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The basic setup in electrosynthesis is a galvanic cell, a potentiostat and two electrodes. Typical solvent and electrolyte combinations minimizes electrical resistance.Protic conditions often use alcohol-water or dioxane-water solvent mixtures with an electrolyte such as a soluble salt, acid or base. Aprotic conditions often use an organic solvent such as acetonitrile or dichloromethane with electrolytes such as lithium perchlorate or tetrabutylammonium salts. The choice of electrodes with respect to their composition and surface area can be decisive. For example, in aqueous conditions the competing reactions in the cell are the formation of oxygen at the anode and hydrogen at the cathode. In this case a graphite anode and lead cathode could be used effectively because of their high overpotentials for oxygen and hydrogen formation respectively. Many other materials can be used as electrodes. Other examples include platinum, magnesium, mercury (as a liquid pool in the reactor), stainless steel or reticulated vitreous carbon. Some reactions use a sacrificial electrode that is consumed during the reaction like zinc or lead. Cell designs can be undivided cell or divided cell type. In divided cells the cathode and anode chambers are separated with a semiporous membrane. Common membrane materials include sintered glass, porous porcelain, polytetrafluoroethene or polypropylene. The purpose of the divided cell is to permit the diffusion of ions while restricting the flow of the products and reactants. This separation simplifies workup. An example of a reaction requiring a divided cell is the reduction of nitrobenzene to phenylhydroxylamine, where the latter chemical is susceptible to oxidation at the anode.
Organic oxidations take place at the anode. Compounds are reduced at the cathode. Radical intermediates are often invoked. The initial reaction takes place at the surface of the electrode and then the intermediates diffuse into the solution where they participate in secondary reactions.
The yield of an electrosynthesis is expressed both in terms the chemical yield and current efficiency. Current efficiency is the ratio of Coulombs consumed in forming the products to the total number of Coulombs passed through the cell. Side reactions decrease the current efficiency.
The potential drop between the electrodes determines the rate constant of the reaction. Electrosynthesis is carried out with either constant potential or constant current. The reason one chooses one over the other is due to a trade off of ease of experimental conditions versus current efficiency. Constant potential uses current more efficiently because the current in the cell decreases with time due to the depletion of the substrate around the working electrode (stirring is usually necessary to decrease the diffusion layer around the electrode). This is not the case under constant current conditions however. Instead as the substrate's concentration decreases the potential across the cell increases in order to maintain the fixed reaction rate. This consumes current in side reactions produced outside the target voltage.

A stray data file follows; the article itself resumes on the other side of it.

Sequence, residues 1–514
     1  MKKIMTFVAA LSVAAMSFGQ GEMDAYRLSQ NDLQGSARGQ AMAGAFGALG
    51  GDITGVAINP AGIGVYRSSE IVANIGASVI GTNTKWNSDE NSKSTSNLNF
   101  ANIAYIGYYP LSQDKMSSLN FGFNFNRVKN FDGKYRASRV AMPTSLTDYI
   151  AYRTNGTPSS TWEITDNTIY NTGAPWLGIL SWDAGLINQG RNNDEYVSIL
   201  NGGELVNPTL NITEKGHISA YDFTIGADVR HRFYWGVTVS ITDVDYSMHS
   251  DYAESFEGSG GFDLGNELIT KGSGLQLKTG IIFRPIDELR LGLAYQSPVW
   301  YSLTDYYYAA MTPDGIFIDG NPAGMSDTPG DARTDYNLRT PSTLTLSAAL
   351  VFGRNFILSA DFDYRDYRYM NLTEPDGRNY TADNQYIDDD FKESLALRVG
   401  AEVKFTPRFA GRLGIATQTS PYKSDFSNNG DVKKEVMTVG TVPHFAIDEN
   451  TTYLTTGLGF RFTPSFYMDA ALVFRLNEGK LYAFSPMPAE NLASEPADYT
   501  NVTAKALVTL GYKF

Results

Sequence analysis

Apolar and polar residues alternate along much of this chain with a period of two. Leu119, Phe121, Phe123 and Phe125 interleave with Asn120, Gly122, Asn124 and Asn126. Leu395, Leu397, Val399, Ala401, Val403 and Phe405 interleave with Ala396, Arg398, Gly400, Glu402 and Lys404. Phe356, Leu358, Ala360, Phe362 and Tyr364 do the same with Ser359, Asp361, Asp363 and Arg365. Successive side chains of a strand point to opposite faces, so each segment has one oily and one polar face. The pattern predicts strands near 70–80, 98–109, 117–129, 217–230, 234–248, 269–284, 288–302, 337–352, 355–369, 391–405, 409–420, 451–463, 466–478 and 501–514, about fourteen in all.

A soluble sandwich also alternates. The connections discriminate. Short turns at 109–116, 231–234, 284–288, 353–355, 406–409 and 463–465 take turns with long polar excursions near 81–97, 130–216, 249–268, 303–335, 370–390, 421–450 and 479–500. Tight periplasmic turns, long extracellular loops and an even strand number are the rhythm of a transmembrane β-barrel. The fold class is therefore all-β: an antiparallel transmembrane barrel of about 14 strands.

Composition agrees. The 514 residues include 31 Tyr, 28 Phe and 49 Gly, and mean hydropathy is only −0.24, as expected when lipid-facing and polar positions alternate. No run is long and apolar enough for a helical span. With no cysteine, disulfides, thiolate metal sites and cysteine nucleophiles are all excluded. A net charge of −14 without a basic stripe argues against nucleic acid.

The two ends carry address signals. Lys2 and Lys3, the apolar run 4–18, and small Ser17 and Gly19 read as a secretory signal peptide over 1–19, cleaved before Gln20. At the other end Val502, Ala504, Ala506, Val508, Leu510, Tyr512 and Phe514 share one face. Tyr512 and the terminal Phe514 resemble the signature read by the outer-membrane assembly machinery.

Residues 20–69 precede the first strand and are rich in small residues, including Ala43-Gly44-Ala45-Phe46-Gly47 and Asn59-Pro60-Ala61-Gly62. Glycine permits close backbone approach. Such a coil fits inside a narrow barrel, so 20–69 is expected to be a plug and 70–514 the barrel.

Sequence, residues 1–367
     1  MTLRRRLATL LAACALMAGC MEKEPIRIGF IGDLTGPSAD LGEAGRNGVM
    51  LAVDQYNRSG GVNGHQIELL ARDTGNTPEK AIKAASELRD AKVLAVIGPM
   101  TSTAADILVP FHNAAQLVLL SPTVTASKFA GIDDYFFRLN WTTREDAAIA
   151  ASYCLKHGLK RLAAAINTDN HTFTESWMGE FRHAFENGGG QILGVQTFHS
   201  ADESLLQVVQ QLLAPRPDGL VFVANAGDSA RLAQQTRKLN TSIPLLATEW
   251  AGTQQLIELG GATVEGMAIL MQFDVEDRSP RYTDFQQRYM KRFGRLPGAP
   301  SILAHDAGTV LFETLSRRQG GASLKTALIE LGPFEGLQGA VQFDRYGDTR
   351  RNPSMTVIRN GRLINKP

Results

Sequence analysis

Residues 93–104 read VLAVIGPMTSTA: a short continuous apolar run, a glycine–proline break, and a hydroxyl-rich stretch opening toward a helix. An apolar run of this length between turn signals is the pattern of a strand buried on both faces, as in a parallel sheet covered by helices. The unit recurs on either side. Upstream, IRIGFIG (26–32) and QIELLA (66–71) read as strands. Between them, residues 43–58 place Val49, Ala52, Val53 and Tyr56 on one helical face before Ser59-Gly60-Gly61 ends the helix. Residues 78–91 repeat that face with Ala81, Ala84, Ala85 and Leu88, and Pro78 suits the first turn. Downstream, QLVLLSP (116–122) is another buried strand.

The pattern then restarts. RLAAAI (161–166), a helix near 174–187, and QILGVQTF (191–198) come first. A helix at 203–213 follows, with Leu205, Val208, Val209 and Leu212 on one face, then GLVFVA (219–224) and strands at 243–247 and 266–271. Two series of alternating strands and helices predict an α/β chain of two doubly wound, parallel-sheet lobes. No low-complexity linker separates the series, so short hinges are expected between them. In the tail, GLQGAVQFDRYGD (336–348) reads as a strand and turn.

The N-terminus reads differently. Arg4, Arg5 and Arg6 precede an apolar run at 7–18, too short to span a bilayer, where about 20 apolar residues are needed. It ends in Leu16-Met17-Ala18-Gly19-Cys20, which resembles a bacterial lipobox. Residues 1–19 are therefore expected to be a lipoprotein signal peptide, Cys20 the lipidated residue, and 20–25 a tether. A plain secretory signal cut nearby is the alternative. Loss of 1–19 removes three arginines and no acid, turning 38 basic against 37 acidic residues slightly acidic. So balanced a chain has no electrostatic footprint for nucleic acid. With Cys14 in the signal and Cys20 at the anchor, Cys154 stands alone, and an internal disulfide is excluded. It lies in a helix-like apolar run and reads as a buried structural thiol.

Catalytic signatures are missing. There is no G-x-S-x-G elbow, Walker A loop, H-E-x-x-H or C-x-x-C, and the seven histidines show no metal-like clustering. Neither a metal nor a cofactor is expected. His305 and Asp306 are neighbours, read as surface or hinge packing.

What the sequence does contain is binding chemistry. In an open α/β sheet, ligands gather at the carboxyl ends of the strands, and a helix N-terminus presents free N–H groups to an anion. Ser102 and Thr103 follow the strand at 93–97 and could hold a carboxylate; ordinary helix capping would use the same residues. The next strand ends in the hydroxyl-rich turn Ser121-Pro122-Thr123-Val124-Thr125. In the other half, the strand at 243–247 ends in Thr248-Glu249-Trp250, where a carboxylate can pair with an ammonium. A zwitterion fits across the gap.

A well-known electrosynthesis is the Kolbe electrolysis, in which two carboxylic acids decarboxylate, and the remaining structures bond together:
A variation is called the non-Kolbe reaction when a heteroatom (nitrogen or oxygen) is present at the ?-position. The intermediate oxonium ion is trapped by a nucleophile, usually solvent.
Anodic electrosynthesis oxidize primary aliphatic amine to nitrile.
Amides can be oxidized to N-acyliminium ions, which can be captured by various nucleophiles, for example:
This reaction type is called a Shono oxidation. An example is the ?-methoxylation of N-carbomethoxypyrrolidine
Oxidation of a carbanion can lead to a coupling reaction for instance in the electrosynthesis of the tetramethyl ester of ethanetetracarboxylic acid from the corresponding malonate ester
Cathodic reduction of a nitroalkene can give the oxime in good yield. At higher negative reduction potentials, the nitroalkene can be reduced further, giving the primary amine but with lower yield.
In organofluorine chemistry, many perfluorinated compounds are prepared by electrochemical synthesis, which is conducted in liquid HF at voltages near 5-6 V using Ni anodes. The method was invented in the 1930s. Amines, alcohols, carboxylic acids, and sulfonic acids are converted to the perfluorinated derivatives using this technology. A solution or suspension of the hydrocarbon in hydrogen fluoride is electrolyzed at 5-6 V to produce high yields of the perfluorinated product.
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^Krishnan, V.; Muthukumaran, A.; Udupa, H. V. K. (1979). "The electroreduction of benzyl cyanide on iron and cobalt cathodes". Journal of Applied Electrochemistry. 9 (5): 657-659. doi:10.1007/BF00610957. S2CID96102382.
^Wessling, M.; Schäfer, H.J. (1991). "Cathodic reduction of 1-nitroalkenes to oximes and primary amines". Chem. Ber. 124 (10): 2303-2306. doi:10.1002/cber.19911241024.
^B. Innocent; et al. (February 2009). "Electro-reduction of carbon dioxide to formate on lead electrode in aqueous medium". Journal of Applied Electrochemistry. 39 (2): 227-232. doi:10.1007/s10800-008-9658-4. S2CID98437382.
^Lee, Byungik; Naito, Hiroto; Nagao, Masahiro; Hibino, Takashi (9 July 2012). "Alternating-Current Electrolysis for the Production of Phenol from Benzene". Angewandte Chemie International Edition. 51 (28): 6961-6965. doi:10.1002/anie.201202159. PMID22684819.
^Simons, J. H. (1949). "Production of Fluorocarbons I. The Generalized Procedure and its Use with Nitrogen Compounds". Journal of the Electrochemical Society. 95: 47-52. doi:10.1149/1.2776733. See also related articles by Simons et al. on pages 53, 55, 59, and 64 of the same issue.